The coordinates of a straight line in three-dimensional space, the six numbers , and , of which the first three are the coordinates of the direction vector for the straight line and the second three are the moments of this vector about the origin. Let the line pass through the points and with projective coordinates and , respectively; the Plücker coordinates for this line are the numbers
The Plücker coordinates are used in line geometry. They were first considered by J. Plücker (1869). Sometimes, instead of the Plücker coordinates one uses the Klein coordinates , which are related to the Plücker ones as follows:
More generally, one naturally considers the Plücker coordinates as coordinates of a -dimensional vector subspace of an -dimensional vector space . Then they are understood as the set of numbers equal to -subdeterminants of the -matrix with as columns , , the coordinate columns (in some basis for ) of the basis vectors of a subspace . If are the components of a column , , then the Plücker coordinates (or Grassmann coordinates) are the numbers
The Plücker coordinates are anti-symmetric in all indices. The number of significant Plücker coordinates is .
When the basis of is changed and the basis for is fixed, the Plücker coordinates are all multiplied by the same non-zero number. When the basis of is changed and the basis for is fixed, the Plücker coordinates transform as the components of a contravariant tensor of valency (see Poly-vector). Two subspaces coincide if and only if their Plücker coordinates, calculated in the same basis for , differ only by a non-zero factor.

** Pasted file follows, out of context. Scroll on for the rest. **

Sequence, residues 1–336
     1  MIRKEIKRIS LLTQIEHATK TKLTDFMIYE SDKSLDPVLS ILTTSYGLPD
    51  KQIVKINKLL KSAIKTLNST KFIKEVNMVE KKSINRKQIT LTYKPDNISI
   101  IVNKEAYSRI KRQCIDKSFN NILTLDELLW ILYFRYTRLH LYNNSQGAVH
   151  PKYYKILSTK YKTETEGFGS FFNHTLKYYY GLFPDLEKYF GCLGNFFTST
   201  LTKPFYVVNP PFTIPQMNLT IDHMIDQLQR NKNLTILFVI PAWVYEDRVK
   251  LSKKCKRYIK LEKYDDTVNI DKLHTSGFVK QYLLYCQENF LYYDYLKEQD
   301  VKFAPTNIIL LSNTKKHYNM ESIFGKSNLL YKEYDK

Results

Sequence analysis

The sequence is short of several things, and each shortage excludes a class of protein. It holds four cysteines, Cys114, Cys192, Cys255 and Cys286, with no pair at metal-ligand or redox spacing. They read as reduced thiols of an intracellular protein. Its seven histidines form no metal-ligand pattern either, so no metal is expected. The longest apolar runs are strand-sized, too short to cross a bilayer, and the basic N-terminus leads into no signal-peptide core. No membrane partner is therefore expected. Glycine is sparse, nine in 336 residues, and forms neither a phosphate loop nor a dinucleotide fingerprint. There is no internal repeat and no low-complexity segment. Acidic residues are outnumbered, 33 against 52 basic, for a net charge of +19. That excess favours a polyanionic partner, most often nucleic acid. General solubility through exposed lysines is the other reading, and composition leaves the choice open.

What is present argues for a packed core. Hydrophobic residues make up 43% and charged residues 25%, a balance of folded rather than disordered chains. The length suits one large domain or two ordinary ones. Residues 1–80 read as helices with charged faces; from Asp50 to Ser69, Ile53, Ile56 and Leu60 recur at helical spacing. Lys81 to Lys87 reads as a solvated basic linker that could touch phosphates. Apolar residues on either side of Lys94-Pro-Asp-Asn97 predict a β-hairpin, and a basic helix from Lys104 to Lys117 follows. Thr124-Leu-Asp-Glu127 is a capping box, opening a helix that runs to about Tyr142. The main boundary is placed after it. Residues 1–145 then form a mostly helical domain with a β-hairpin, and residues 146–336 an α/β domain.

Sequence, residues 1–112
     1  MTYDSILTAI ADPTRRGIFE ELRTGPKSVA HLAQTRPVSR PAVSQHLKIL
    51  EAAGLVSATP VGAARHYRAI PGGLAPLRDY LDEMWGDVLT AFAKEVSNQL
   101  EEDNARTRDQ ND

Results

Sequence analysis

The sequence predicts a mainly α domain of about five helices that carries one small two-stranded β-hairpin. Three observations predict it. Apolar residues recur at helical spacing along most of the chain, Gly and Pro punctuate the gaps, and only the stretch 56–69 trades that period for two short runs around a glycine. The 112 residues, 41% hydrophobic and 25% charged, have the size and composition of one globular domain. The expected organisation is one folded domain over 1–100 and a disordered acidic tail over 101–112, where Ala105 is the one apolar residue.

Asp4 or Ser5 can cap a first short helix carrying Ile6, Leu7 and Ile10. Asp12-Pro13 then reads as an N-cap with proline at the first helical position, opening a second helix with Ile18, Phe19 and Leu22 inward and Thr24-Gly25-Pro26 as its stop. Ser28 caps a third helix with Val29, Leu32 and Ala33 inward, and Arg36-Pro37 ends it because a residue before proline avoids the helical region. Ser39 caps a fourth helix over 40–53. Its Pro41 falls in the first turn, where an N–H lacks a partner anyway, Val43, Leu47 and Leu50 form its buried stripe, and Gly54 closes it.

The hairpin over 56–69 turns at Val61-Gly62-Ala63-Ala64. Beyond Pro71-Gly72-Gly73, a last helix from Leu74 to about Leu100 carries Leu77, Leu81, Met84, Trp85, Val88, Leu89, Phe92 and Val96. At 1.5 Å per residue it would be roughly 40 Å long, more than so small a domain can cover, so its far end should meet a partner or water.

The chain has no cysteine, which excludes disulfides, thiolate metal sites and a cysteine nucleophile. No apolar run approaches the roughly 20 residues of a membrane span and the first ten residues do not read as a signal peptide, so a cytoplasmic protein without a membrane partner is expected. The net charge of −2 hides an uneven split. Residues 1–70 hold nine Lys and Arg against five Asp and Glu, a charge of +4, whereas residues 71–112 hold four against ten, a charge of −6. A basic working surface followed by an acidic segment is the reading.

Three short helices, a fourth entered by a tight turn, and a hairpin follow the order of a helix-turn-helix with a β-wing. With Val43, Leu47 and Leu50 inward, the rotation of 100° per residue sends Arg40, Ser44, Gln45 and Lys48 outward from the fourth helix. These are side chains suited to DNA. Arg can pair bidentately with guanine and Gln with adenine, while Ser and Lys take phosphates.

A vector belongs to a subspace if the linear equations
with coefficients that are the Plücker coordinates for , are fulfilled. In these equations are all possible sets of numbers .
Relating the Plücker and Klein coordinates as above, the Plücker identity
The Plücker coordinates of -dimensional subspaces of an -dimensional space (over any field) define an imbedding of the Grassmann variety into -dimensional projective space with . As a subvariety of , is given by quadratic relations, the Plücker relations, which look as follows:
i.e. take indices ; and write down the relation above, using that if two of the 's are equal. If , , there is just one relation: .
|[a1]||H.S.M. Coxeter, "Non-Euclidean geometry" , Univ. Toronto Press (1965) pp. 88–90|
|[a2]||B.L. van der Waerden, "Einführung in die algebraische Geometrie" , Springer (1939) pp. Chapt. 1|
Plücker coordinates. Encyclopedia of Mathematics. URL: http://www.encyclopediaofmath.org/index.php?title=Pl%C3%BCcker_coordinates&oldid=23454